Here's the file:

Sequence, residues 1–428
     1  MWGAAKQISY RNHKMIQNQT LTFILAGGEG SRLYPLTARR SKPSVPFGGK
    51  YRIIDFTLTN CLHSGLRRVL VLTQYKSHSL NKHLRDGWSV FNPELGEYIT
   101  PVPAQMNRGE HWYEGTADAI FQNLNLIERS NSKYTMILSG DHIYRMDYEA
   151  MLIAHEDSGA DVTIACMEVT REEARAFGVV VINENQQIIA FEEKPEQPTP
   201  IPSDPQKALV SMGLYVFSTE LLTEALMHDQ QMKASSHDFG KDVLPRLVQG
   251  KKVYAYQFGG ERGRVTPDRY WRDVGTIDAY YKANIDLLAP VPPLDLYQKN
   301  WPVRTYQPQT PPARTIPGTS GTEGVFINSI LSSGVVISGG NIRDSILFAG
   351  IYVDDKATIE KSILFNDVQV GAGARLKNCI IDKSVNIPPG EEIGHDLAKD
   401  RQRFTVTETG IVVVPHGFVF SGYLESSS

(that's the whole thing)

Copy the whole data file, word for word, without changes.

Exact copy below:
Sequence, residues 1–428
     1  MWGAAKQISY RNHKMIQNQT LTFILAGGEG SRLYPLTARR SKPSVPFGGK
    51  YRIIDFTLTN CLHSGLRRVL VLTQYKSHSL NKHLRDGWSV FNPELGEYIT
   101  PVPAQMNRGE HWYEGTADAI FQNLNLIERS NSKYTMILSG DHIYRMDYEA
   151  MLIAHEDSGA DVTIACMEVT REEARAFGVV VINENQQIIA FEEKPEQPTP
   201  IPSDPQKALV SMGLYVFSTE LLTEALMHDQ QMKASSHDFG KDVLPRLVQG
   251  KKVYAYQFGG ERGRVTPDRY WRDVGTIDAY YKANIDLLAP VPPLDLYQKN
   301  WPVRTYQPQT PPARTIPGTS GTEGVFINSI LSSGVVISGG NIRDSILFAG
   351  IYVDDKATIE KSILFNDVQV GAGARLKNCI IDKSVNIPPG EEIGHDLAKD
   401  RQRFTVTETG IVVVPHGFVF SGYLESSS